Last Wednesday I went for a hike up Flattop with a new friend. Flattop is that hike that every place has that everyone has done, except that being Alaska, it's a bit more of a steep scramble compared to most other place's "everyone's done that" hike.
I had not hiked Flattop, but as it turned out, it was the perfect spot to go for the evening. Crystal clear skies, low-level fog, and an October sunset made for vistas to Denali to the north and Iliamna to the south.
|The tall ones to the north.|
|O'Malley Peak and Powerline Pass Valley buried in fog.|
|Iliamna, Redoubt, and Spurr across the Inlet.|
I had Friday off, and I planned for an early start to attack Johnson Pass from the north, riding it out and back. A check of the weather station near the northern trailhead at 10 am revealed an ambient of 19 degrees. That was enough to slow me down and think about maybe a more leisurely out and back to Johnson Lake, a mile south of the Pass.
|Clear skies prevailed.|
|Bench Peak, seen from the shores of Bench Lake.|
|Looking north from Johnson Lake, just south of the Pass.|
|Maria Peak from Johnson Lake.|
The trail could be described as 50/50: 50% fast, frozen hard pack; 50% other. Other consisted of freeze-thaw mud/slime, plexi-glass ice, hoar frost dirt (looks like its frozen but is actually crystallized and collapses like styrafoam), and a few wheel-swallowing muck holes that looked solid from above but were anything but that an inch or two below the surface. Going was slow, and I could not clean any of the technical sections. Vegetation was non-existent and the trail was dead quiet. I was glad I finally got to ride this section of trail, the only section of Kenai single track I had not yet ridden this year. It's a challenging, entirely different from the south end of the pass, and a place I wish I could ride more often, though the 6-foot+ tall stalks of cow parsnip reminded me of why spring and fall are the only times to come here.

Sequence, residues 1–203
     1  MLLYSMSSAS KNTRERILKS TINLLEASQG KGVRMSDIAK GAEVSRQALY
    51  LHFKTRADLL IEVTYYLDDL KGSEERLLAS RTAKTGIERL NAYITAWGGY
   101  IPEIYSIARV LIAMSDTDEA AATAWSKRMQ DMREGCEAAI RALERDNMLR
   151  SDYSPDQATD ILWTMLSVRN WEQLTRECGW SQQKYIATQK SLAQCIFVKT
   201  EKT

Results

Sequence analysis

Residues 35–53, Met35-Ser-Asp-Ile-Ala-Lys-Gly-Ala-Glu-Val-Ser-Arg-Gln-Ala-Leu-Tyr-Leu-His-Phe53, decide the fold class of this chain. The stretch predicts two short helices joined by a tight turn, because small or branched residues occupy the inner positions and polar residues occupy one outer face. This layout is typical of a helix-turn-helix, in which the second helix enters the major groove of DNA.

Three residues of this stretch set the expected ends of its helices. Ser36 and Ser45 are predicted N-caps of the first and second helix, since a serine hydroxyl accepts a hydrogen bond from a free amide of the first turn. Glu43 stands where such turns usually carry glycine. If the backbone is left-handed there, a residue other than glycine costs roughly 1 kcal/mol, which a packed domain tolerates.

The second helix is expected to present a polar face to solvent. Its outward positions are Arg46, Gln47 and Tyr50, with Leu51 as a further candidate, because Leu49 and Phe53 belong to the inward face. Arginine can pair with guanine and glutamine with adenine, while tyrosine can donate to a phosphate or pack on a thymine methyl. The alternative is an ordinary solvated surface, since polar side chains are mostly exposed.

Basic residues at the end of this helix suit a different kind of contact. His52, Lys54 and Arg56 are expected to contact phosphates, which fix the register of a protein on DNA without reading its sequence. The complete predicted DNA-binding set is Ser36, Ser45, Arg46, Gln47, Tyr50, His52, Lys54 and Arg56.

|Bridge, mountain, waterfall.|
Cold and tired, I stopped into Cooper Landing for food, and carried on to Sterling to crash at the lodge for the night. After talking with Joe for a while on his efforts to retrieve his docks lost in the floods, I went to zonk out.
Nearly asleep, I started to notice my room was getting brighter and brighter. Light pollution is non-existent at camp, except for when ice-fogs set in, and then the ambiance id orange from sodium lights on the highway, not pale green as the rooms seemed to be.
I peered out the window and to the north the sky was alive.
I watched the aurora dance for a while before finally going outside and shivering for a bit. The show was awesome, but the pictures sucked. This was the best I got. Others are more talented in this arena than I: Time Lapse Video
Saturday I rode Crescent Lake Trail. Skies had turned gray. I put together a 1-minute video.
On the way to the Lake I passed only 2 people coming down from a night at the cabin. When I reached the little shelter smoke was still whisping from the stove pipe, and with feet cold from crossing icy streams, I helped myself to the residual warmth inside. I spend a while there, enjoying the quiet, when I noticed it has started snowing outside, hard. The ride out was pretty. Big, fat flakes were falling hard, but only seemed able to make a dusting of a coating on a trail that was otherwise frozen hard. It was one of those rides that you know you're never going to forget.
Sunday morning I was up early to meet Adam. Earlier this fall I helped Adam put is duck hunting gear out on the Knik River just north of Anchorage. With winter moving in quick it was time to pull it, and a good tide early in the morning necessitated the dawn patrol. Fortunately quite a few others had similar ideas, and there was lots of help. Unfortunately, even though we had a pretty cool sunrise, my camera disliked the low light, so I have only a 10 second video.